Timing of cranioplasty after decompressive craniectomy for trauma

Mark P. Piedra, Andrew N. Nemecek, Brian T. Ragel

Research output: Contribution to journalArticle

35 Scopus citations

Abstract

Background: The optimal timing of cranioplasty after decompressive craniectomy for trauma is unknown. The aim of this study was to determine if early cranioplasty after decompressive craniectomy for trauma reduces complications. Methods: Consecutive cases of patients who underwent autologous cranioplasty after decompressive craniectomy for trauma at a single Level I Trauma Center were studied in a retrospective 10 year data review. Associations of categorical variables were compared using Chi-square test or Fisher's exact test. Results: A total of 157 patients were divided into early (<12 weeks; 78 patients) and late (≥12 weeks; 79 patients) cranioplasty cohorts. Baseline characteristics were similar between the two cohorts. Cranioplasty operative time was significantly shorter in the early (102 minutes) than the late (125 minutes) cranioplasty cohort (P = 0.0482). Overall complication rate in both cohorts was 35%. Infection rates were lower in the early (7.7%) than the late (14%) cranioplasty cohort as was bone graft resorption (15% early, 19% late), hydrocephalus rate (7.7% early, 1.3% late), and postoperative hematoma incidence (3.9% early, 1.3% late). However, these differences were not statistically significant. Patients <18 years of age were at higher risk of bone graft resorption than patients ≥18 years of age (OR 3.32, 95% CI 1.25-8.81; P = 0.0162). Conclusions: After decompressive craniectomy for trauma, early (<12 weeks) cranioplasty does not alter the incidence of complication rates. In patients <18 years of age, early (<12 weeks) cranioplasty increases the risk of bone resorption. Delaying cranioplasty (≥12 weeks) results in longer operative times and may increase costs. Copyright:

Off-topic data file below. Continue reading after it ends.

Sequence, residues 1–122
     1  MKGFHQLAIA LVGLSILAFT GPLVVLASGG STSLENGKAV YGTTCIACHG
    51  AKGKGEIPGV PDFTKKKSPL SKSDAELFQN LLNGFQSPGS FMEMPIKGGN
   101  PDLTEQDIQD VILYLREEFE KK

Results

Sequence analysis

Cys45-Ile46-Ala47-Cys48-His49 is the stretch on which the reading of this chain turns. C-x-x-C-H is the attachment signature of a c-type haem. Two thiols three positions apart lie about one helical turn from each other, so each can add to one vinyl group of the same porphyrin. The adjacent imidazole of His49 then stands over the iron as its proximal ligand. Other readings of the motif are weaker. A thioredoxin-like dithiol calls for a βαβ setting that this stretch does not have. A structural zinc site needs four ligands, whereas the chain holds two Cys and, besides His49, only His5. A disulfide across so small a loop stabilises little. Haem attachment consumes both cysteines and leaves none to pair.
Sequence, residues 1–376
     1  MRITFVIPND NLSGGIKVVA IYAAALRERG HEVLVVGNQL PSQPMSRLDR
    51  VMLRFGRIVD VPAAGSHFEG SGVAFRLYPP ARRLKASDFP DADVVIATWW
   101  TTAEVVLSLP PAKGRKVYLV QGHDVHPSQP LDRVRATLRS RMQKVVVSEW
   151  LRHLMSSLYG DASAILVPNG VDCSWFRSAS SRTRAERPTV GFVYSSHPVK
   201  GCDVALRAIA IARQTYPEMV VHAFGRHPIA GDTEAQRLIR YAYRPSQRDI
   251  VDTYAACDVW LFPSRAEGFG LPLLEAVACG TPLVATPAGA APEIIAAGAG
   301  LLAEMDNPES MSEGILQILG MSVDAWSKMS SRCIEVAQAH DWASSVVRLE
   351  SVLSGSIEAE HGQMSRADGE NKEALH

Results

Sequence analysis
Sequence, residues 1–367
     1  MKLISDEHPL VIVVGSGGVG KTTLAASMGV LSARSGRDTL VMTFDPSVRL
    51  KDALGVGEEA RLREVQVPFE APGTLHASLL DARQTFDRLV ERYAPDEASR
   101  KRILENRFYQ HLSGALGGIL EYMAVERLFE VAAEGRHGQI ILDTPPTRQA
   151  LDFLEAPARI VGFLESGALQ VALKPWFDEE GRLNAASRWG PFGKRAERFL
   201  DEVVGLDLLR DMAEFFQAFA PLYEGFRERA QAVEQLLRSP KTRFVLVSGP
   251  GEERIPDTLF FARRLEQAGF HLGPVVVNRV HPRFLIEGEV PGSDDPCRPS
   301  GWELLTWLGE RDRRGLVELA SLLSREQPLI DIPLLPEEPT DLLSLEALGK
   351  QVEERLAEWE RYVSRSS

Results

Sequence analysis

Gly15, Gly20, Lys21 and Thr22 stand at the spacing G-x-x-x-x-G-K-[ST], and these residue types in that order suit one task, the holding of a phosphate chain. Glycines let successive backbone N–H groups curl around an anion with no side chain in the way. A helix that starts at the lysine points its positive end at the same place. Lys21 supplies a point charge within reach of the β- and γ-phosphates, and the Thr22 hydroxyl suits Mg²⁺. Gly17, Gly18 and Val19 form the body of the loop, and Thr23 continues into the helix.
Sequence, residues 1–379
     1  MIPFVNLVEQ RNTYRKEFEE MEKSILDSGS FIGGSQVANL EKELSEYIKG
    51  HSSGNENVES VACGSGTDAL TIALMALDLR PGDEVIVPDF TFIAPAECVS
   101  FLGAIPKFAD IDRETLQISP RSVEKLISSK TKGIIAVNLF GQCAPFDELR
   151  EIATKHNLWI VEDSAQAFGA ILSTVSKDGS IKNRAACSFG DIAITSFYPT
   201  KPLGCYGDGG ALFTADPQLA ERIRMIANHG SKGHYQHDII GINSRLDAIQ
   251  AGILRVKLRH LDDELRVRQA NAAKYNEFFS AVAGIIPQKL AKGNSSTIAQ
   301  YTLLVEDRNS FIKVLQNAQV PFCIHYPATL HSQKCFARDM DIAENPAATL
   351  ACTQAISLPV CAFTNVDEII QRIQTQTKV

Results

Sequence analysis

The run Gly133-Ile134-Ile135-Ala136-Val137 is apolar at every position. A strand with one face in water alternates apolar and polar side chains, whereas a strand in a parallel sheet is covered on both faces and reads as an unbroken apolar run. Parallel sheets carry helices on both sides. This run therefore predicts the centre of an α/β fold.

Original languageEnglish (US)
Article number25
JournalSurgical Neurology International
Volume5
Issue numberFEB
DOIs
StatePublished - Feb 2014

Keywords

  • Cranioplasty
  • Decompressive craniectomy
  • Trauma

ASJC Scopus subject areas

  • Surgery
  • Clinical Neurology

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